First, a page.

We are one moral universe.
And the shared moral sense common to us all makes us recognise our duty to others.
And it is this moral sense exhibited in the worldwide response to disaster that shows not only what can be done - in Britain alone £76 million raised so far by the British public, after Gift Aid almost £90 million - but also demonstrates what has now to be done - that we address the underlying causes of poverty.
So while 2004 was a year which ended in the horror of a natural disaster, 2005 is a year that can start with the hope of human progress.
2005 is a year of challenge but also a year of opportunity when - from the foundation of hope - we can, I believe, see real change.
A year which is also the year when the UK has special responsibilities as President of the G7 and European Union, a year in which we can tackle not just the terrible and tragic consequences of the tsunami - working together to forge a long term plan for the reconstruction of Asia - but also forge a new 'Marshall Plan' for the entire developing world.
And let me say the urgency and scale of the agenda I am going to propose for debt relief, for new funds for development and for fair trade is now even more pressing given the tragic events of recent days.
It is because I want a world that does not have to choose between emergency disaster relief and addressing the underlying causes of poverty and injustice - between advancing first aid and advancing fundamental change - that the proposals I am putting forward today to advance the interests of all the developing world will - the Government believes - find support in all parts of the world.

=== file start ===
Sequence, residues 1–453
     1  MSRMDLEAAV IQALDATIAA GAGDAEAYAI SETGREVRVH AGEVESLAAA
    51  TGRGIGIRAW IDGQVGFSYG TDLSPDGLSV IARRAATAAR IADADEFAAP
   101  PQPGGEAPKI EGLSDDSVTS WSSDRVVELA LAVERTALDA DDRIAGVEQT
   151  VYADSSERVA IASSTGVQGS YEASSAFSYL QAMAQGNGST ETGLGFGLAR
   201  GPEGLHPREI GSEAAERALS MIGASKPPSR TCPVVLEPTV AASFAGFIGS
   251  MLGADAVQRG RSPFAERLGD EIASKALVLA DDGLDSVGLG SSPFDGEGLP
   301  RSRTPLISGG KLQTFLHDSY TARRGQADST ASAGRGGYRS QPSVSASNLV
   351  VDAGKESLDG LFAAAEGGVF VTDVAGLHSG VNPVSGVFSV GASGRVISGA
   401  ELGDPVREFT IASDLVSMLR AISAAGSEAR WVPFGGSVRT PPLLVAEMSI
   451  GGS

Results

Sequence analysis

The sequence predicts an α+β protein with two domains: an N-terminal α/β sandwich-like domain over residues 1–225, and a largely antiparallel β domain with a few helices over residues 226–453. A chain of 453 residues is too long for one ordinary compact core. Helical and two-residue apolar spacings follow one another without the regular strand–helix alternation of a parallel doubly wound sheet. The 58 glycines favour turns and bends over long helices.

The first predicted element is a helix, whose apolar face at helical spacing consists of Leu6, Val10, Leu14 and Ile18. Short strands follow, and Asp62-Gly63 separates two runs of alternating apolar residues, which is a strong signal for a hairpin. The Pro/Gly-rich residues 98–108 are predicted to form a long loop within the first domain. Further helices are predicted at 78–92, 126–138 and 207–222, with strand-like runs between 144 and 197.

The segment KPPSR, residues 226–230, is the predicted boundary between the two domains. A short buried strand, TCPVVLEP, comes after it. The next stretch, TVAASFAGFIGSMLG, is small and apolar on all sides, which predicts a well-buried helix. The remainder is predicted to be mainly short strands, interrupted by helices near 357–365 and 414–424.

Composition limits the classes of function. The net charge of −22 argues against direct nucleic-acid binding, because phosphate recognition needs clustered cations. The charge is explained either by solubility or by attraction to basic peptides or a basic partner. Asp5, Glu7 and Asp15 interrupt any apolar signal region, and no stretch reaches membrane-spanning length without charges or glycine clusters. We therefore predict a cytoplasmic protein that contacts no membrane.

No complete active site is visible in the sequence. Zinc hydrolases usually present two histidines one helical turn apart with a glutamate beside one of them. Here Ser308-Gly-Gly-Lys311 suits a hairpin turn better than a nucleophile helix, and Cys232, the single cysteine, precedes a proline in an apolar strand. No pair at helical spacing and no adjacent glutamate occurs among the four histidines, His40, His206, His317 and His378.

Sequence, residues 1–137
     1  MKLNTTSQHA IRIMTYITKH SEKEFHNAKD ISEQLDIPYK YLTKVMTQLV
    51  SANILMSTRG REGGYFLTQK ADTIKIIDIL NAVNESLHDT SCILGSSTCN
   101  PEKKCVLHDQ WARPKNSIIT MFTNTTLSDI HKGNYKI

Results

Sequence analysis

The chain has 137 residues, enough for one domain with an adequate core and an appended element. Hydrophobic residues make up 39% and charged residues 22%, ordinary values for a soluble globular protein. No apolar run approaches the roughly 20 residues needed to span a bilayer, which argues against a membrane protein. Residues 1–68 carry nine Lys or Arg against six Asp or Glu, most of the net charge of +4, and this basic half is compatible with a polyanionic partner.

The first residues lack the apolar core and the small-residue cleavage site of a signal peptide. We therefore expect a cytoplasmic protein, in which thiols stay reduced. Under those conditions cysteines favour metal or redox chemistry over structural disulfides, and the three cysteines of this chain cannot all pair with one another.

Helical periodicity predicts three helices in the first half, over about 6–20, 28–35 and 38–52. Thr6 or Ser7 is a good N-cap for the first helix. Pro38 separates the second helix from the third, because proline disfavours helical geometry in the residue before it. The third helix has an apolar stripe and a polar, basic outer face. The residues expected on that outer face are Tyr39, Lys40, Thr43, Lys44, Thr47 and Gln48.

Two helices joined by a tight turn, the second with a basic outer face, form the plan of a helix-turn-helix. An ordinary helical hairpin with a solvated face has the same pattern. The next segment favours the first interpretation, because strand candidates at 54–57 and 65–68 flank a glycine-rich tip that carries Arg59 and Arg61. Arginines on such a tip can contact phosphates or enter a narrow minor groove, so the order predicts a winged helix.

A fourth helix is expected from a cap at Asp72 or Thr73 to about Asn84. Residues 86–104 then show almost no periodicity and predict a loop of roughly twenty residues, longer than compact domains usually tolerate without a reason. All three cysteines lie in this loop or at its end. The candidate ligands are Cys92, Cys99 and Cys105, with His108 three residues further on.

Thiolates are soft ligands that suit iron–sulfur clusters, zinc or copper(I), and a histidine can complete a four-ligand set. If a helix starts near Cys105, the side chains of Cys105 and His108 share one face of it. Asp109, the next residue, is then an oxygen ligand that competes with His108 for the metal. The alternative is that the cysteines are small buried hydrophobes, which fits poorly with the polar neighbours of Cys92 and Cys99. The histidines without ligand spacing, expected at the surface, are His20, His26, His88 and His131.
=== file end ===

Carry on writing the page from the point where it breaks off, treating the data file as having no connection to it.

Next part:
In just a few months time, just a few miles from here in Edinburgh, the G8 will meet in Gleneagles to discuss the most important issue of our generation - world poverty.
This year is the year when world leaders will first gather here in Scotland and then in September at the United Nation's Millennium Summit to examine just how much we have to do together if we are to seriously address the scale of poverty round the world today.
We meet because exactly five years ago in New York and in a historic declaration the world signed up to a shared commitment to right the greatest wrongs of our time including: the promise that by 2015 every child would be at school the promise that by 2015 avoidable infant deaths would be prevented the promise that by 2015 poverty would be halved.
In other words promises that rich countries would work with the poor to right the great wrongs of our time.
The Millennium Development Goals were not a casual commitment.
Every world leader signed up.
Every international body signed up.
Almost every single country signed up.